Niemoller said, "In Germany they came first for the Communists and I didn't speak up because I wasn't a communist. Then they came for the Jews and I didn't speak up because I wasn't a Jew. Then they came for the trade unionists and I didn't speak up because I wasn't a trade unionist. Then they came for the Catholics and I didn't speak up because I was a Protestant. Then they came for me -- and by that time, no one was left to speak up."
Niemoller had founded the Pastors Emergency League to Resist Hitlerism and had been confined to Nazi concentration camps for eight years before his release in 1945.
Happily, we do not have that kind of environment in the current terrorist crisis. But there is always the possibility that we could create an atmosphere where dissent and freedom of speech are not tolerated on grounds of national security.
We all know America is admired by people around the world because of its freedoms, especially those under the Bill of Rights, which protects citizens and even non-citizens. We are a nation that has been governed by laws that have endured for more than 200 years. If we lose our title of "land of the free," what have we got?
Under his authority as commander-in-chief, President Bush seems to have given his Cabinet carte blanche in pursuing suspects, detaining immigrants secretly and establishing military tribunals that could impose the death penalty by a two-thirds vote of the jury without judicial review.
Attorney General John Ashcroft, summoned last week before the Senate Judiciary Committee, was masterful in showing that the best defense is a good offense.
He bluntly attacked the panel's chairman, Sen. Patrick Leahy, D-Vt., and other critics who had voiced concerns about lost liberties. "We need honest, reasoned debate, not fear-mongering," Ashcroft said. "To those who scare peace-loving people with phantoms of lost liberty, my message is this: 'Your tactics only aid terrorists -- for they erode national unity and diminish national resolve."'
Actually, the real erosion takes place when we allow the chipping away of the bulwark of the U.S. Constitution and our overall record on human rights, which have made us a beacon around the globe.
Where are the modern-day Patrick Henrys and Thomas Paines when we need them? Henry was the most celebrated orator of the American Revolution. Every schoolchild has learned his ringing call, "Give me liberty or give me death." And Paine is remembered for his pamphlets on behalf of political equality, tolerance, civil liberties and human dignity.
But Ashcroft argued that people who hope the kind of terrorist attacks that occurred on Sept. 11 will not be repeated "were living in a dream world."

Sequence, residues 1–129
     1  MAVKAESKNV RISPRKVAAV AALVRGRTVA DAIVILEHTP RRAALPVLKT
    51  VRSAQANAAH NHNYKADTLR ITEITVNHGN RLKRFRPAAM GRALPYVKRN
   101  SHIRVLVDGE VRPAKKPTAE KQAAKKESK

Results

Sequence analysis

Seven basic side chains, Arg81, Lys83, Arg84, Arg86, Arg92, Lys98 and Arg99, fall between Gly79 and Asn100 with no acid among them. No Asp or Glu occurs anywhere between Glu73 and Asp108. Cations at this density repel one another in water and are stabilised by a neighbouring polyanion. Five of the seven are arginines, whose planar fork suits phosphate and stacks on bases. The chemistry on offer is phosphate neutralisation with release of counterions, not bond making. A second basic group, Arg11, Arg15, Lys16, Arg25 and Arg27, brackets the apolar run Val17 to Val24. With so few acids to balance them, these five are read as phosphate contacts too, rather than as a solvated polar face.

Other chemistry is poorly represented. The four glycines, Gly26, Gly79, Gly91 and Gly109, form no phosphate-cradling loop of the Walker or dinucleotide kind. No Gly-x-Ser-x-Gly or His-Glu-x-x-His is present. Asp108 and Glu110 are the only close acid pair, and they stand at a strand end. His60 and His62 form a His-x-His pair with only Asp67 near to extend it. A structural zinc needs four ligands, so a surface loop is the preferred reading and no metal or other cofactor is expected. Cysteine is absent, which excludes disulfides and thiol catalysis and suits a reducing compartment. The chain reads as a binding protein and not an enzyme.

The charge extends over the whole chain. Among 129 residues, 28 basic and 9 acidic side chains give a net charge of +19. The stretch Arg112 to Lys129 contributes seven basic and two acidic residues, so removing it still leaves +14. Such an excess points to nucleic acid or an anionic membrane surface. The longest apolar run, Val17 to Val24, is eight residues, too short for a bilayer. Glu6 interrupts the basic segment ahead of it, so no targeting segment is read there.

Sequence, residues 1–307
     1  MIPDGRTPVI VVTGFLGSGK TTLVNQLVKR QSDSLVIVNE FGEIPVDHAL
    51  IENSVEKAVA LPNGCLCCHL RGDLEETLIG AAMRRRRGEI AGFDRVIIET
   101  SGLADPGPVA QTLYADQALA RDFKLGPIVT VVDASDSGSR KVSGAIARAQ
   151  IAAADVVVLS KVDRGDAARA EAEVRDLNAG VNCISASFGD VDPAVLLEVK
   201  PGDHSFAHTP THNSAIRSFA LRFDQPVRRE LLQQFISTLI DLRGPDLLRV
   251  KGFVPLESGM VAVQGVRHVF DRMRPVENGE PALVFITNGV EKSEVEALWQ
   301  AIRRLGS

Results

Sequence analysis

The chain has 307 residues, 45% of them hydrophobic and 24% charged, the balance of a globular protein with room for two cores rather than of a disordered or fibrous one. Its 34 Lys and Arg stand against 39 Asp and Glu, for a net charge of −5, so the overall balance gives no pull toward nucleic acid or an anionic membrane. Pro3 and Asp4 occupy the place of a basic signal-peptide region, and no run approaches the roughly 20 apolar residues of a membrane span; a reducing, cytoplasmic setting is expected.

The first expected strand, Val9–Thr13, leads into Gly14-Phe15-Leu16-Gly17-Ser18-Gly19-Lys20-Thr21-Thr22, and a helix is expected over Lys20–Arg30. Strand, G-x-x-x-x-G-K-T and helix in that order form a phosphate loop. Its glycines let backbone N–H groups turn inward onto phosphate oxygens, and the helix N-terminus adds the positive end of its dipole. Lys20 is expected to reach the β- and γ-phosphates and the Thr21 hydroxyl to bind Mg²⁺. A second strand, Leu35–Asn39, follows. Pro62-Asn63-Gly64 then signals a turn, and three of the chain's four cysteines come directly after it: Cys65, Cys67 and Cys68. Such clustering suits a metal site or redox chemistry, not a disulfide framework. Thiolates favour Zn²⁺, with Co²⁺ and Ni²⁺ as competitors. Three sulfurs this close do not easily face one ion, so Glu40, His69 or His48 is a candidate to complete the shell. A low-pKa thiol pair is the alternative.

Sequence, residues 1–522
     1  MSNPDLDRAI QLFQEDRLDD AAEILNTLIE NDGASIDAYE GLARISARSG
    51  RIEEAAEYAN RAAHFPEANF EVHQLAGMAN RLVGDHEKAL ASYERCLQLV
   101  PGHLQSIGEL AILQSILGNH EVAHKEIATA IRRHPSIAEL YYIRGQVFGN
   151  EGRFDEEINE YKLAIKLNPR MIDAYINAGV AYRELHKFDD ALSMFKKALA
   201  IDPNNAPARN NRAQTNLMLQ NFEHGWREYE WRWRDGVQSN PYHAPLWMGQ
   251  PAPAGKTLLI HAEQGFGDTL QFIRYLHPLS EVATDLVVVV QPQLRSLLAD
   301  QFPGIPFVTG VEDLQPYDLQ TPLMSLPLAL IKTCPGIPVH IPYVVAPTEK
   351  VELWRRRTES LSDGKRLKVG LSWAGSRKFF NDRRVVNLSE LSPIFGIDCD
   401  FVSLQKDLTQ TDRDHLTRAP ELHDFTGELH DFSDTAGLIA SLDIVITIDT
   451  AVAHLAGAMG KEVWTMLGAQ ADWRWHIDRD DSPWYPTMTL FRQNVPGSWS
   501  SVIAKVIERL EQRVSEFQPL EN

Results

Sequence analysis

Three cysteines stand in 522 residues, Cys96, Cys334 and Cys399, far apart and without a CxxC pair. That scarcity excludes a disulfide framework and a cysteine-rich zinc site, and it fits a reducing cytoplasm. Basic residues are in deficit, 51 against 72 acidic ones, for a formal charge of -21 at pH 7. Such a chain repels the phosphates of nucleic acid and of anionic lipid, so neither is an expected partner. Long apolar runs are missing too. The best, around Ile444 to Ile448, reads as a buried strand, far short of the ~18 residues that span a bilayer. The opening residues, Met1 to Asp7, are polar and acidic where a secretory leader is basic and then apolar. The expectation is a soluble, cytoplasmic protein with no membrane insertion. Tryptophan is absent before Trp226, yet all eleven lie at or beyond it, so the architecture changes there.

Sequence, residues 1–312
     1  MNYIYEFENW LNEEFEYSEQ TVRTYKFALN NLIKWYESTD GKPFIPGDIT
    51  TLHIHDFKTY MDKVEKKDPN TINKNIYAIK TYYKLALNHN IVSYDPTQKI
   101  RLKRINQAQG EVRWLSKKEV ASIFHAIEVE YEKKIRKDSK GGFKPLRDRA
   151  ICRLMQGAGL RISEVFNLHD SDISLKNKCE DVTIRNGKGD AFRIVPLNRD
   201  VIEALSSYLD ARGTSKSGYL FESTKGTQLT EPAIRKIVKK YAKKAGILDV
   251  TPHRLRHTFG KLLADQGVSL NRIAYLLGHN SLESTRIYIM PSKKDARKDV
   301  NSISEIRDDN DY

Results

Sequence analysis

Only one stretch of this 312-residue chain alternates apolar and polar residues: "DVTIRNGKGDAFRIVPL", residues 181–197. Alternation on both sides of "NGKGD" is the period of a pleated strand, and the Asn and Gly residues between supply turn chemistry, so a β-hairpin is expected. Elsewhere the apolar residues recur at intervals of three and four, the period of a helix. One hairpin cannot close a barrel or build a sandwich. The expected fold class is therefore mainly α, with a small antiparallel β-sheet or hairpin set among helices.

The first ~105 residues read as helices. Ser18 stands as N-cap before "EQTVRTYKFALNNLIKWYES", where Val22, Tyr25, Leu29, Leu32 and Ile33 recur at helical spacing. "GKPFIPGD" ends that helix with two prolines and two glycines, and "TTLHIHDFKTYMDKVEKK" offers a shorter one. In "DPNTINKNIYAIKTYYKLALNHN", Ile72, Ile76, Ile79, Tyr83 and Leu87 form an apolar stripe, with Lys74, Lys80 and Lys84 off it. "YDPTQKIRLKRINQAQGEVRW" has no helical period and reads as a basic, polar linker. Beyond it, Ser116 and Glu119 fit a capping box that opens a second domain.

He held up a training manual for al-Qaida, Osama bin Laden's terror network, and said it showed that "terrorists are taught how to use America's freedoms as a weapon against us."
With strong support in the public opinion polls, the administration obviously feels it is free to proceed in curbing civil liberties.
In their questioning of Ashcroft many of the senators, except for Leahy and Russell Feingold, D-Wis., rolled over. After all, who wants to be called unpatriotic in these times?
Where are the profiles in courage? There are not many on Capitol Hill, where lawmakers seem to be giving up their own rights to set rules on the treatment of immigrants and others in this country who are detained or sought by the government for questioning.
To Bush, Ashcroft and Defense Secretary Donald Rumsfeld, I would ask this: Please remember the quote of Adlai Stevenson, the Democratic presidential nominee in the 1950s who said, "Democracy is great not just because the majority prevails but because it is safe to be in the minority."
The attorney general, accusing the critics of exaggerating or misstating the dangers of the government's new curbs on civil rights, insisted that the Justice Department "has sought to prevent terrorism with reason, careful balance and excruciating attention to detail."
Of course, Americans are willing to defer some of the freedoms they once had for valid security reasons. No one can dispute the need for strict enforcement of the rules at airports and in vulnerable public buildings. Arrests of foreign-born residents accused of violating immigration laws or of having knowledge of terrorists or their plans are certainly legal. But those detained should also be given due process rights and equal protection of the laws. And the long detentions of innocent persons based on little or no evidence should be stopped.
Ashcroft plans to offer immigrants help in obtaining citizenship if they snitch on their friends or acquaintances as dangers to the Republic. But such an official policy would undermine our nation's reputation for probity and decency.
What we need now are more leaders who are students of civics, democracy and especially the Constitution. For to become great Americans, we must know why the founders of our country were so outstanding.